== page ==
Following the 2014 Lacrosse cladding fire, a shockwave was felt throughout the Australian cladding industry. With potentially millions of square metres of cladding needing replacement, Fairview is figuring out how to sustainably process the waste to avoid it from ending up in landfill.

We caught up with Ashley How, Technical Manager at Fairview.

Hi Ash, tell us about yourself, your experience and your current role at Fairview.

I am the Technical Manager here at Fairview, which involves heading up our Product Management and Research & Development teams, and also touches on industry engagement as well. As a company we pride ourselves on our technical knowledge and we have a strong focus on compliance and quality as a result of that.

I’ve been here for eight years, and in that time I’ve worked in both the Operations and Sales domains, so I’ve had plenty of market experience and plenty of physical product experience that inform my approach to the role I’m currently in.

Why is sustainability important to Fairview?

Being successful in business is about more than just making money. We have a social responsibility to make a better world. Facades and construction are a part of that, so we do our best to promote sustainability wherever we can.

And what is the situation in the broader cladding industry?

I think it’s fair to say that in the cladding industry there is currently a bit of a disconnect between sustainability and fire safety. What I mean is that the products that rate the best in terms of thermal performance and non-combustibility tend to have less sustainable practices involved in their manufacture. But particularly when you consider the high-profile cladding fires that have happened in the last few years, fire safety just has to take priority.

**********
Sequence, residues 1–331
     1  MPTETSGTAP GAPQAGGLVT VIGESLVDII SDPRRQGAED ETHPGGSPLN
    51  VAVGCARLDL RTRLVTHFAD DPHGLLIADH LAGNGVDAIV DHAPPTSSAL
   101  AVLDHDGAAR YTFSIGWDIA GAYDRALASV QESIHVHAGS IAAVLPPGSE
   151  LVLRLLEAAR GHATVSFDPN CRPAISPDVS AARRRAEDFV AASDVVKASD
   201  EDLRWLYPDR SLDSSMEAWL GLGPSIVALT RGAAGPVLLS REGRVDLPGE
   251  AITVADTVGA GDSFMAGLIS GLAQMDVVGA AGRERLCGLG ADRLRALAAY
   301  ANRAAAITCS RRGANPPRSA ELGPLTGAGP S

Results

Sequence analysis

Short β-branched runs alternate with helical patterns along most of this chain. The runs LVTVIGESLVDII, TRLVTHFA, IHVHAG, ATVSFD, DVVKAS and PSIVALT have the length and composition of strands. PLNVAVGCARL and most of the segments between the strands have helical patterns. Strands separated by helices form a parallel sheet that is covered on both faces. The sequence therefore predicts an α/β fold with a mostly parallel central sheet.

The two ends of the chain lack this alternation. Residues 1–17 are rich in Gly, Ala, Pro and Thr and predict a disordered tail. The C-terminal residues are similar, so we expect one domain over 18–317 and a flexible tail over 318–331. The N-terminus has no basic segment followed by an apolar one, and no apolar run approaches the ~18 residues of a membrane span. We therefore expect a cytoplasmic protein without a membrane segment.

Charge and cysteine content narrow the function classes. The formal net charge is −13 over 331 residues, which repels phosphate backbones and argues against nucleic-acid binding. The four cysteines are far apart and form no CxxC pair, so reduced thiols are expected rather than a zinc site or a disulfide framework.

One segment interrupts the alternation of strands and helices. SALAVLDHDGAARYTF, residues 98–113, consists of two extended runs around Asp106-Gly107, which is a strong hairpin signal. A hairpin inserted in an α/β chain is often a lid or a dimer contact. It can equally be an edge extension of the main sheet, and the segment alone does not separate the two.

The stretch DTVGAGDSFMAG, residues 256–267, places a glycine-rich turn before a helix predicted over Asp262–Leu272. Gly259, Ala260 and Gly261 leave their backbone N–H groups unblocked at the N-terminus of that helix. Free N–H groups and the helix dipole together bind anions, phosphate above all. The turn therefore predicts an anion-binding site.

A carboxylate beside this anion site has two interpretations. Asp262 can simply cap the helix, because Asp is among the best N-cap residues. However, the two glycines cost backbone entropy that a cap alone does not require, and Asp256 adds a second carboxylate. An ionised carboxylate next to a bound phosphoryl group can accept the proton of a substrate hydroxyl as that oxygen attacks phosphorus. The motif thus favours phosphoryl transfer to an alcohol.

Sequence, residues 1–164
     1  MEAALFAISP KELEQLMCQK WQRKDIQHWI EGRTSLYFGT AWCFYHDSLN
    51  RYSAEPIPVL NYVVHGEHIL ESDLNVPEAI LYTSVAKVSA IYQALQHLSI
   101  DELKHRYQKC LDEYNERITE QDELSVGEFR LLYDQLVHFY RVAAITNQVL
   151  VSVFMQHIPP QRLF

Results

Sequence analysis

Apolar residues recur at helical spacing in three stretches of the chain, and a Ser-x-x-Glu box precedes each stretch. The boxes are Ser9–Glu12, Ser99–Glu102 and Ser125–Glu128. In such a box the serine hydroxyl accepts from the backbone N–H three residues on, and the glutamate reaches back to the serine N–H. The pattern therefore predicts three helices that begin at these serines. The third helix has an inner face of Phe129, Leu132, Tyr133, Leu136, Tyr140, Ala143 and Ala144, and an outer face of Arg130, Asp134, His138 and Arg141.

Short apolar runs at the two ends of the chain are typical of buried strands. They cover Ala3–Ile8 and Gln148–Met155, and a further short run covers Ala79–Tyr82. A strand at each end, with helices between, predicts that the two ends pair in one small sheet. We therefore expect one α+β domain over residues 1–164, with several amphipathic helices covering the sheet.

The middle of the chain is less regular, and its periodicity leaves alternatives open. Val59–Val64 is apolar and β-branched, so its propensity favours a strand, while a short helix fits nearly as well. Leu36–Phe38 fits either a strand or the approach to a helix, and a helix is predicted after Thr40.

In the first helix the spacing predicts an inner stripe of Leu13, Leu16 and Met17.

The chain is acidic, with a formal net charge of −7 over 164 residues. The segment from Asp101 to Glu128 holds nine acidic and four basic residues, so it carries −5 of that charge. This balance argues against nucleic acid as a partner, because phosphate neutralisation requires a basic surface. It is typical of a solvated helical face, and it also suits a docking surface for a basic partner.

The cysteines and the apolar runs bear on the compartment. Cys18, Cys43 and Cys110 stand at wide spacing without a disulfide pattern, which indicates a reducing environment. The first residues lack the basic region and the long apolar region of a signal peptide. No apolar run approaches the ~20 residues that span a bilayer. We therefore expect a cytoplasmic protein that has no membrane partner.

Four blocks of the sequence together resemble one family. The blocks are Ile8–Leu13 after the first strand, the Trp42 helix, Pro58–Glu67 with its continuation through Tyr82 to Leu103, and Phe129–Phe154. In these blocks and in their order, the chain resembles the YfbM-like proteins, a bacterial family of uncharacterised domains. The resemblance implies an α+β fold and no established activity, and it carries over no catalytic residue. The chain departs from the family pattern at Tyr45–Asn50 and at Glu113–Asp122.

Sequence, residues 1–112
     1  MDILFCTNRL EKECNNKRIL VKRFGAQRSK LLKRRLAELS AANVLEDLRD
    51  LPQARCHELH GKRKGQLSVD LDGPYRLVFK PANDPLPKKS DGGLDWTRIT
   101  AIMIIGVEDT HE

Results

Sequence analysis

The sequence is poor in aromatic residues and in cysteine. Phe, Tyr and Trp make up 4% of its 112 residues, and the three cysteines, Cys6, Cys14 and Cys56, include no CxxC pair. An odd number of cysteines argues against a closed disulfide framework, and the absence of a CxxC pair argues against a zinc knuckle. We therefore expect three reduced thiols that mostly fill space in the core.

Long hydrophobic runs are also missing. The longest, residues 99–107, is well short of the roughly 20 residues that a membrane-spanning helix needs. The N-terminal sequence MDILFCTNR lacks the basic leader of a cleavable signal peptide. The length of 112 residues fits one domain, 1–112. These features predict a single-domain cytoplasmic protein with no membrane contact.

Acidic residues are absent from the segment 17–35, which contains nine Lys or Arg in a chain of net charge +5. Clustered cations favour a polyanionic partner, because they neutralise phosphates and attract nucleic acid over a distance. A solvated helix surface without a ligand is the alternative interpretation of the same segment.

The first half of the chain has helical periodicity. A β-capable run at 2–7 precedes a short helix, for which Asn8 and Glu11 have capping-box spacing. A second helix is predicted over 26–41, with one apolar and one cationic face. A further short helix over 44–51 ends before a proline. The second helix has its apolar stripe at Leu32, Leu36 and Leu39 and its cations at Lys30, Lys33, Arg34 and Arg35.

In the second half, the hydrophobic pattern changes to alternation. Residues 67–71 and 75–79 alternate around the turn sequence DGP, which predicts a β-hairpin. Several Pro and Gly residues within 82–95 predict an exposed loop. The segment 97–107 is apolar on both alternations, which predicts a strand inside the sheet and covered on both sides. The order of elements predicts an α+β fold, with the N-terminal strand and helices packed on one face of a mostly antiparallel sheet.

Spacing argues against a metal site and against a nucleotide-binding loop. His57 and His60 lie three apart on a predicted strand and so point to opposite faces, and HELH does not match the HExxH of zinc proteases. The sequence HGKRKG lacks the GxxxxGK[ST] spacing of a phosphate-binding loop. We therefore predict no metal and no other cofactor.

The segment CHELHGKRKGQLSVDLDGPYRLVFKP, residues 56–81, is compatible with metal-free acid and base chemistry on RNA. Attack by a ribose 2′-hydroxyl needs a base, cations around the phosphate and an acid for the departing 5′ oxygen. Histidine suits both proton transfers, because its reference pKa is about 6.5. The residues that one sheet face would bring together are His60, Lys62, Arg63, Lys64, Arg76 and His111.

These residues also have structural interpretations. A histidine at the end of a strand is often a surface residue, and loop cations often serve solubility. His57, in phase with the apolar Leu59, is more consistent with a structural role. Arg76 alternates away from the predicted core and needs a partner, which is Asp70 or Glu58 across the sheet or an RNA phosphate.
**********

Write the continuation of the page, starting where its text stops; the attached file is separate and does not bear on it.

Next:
In a way, the cladding fires were a catalyst for Fairview’s journey towards more sustainable practices. Tell us about that.

In 2014, the Lacrosse building fire in Melbourne shone a spotlight onto the use of combustible cladding on Australian buildings. The figures differ, but our guess is that there are 4,000-5,000 buildings in Australia that may have combustible cladding - amounting to somewhere in the region of 4 million square metres of cladding - and it all needs to be removed from buildings and replaced. All of this cladding is aluminium composite panel which is essentially a sheet of polyethylene (the flammable part), sandwiched between two pieces of aluminium.

We realised that there is no recycling process for this cladding; it’s all destined for landfill. That was where we saw an opportunity to really make a mark in cladding sustainability - by developing sustainable end of life processing. So we invested a lot of time and effort into developing Ecoloop, which is an industry and Australian first, to find ways to 100% sustainably process these panels as they come off buildings, and to find new uses for the components of the panels.

In terms of uptake, what are your hopes around the difference this could make to the industry?

We believe this can make a significant difference to standard industry practice, focusing on cladding initially, but we believe the Ecoloop process can be extended into a range of other sustainable applications. Our aim is to continue refining the process and educating building owners and builders about it. We hope to make the process as cost effective as possible, and even comparable to the main alternative - which is landfill. Ultimately we want to change behaviours and make it a no-brainer for people to choose EcoLoop.

The combustible panels that you aim to recycle were not made by Fairview, so in essence are you finding ways to clean up other people’s mess?

It’s not our product, but it’s our industry. We strongly believe all cladding businesses including ours will benefit from a better industry, and to that end we’ve spent a lot of time and money in building and sharing knowledge and collaborating wherever we can. So if you look at it that way then really it’s our responsibility to get stuck in and provide support to our industry - and the environment - wherever possible.

For more information, visit Fairview here.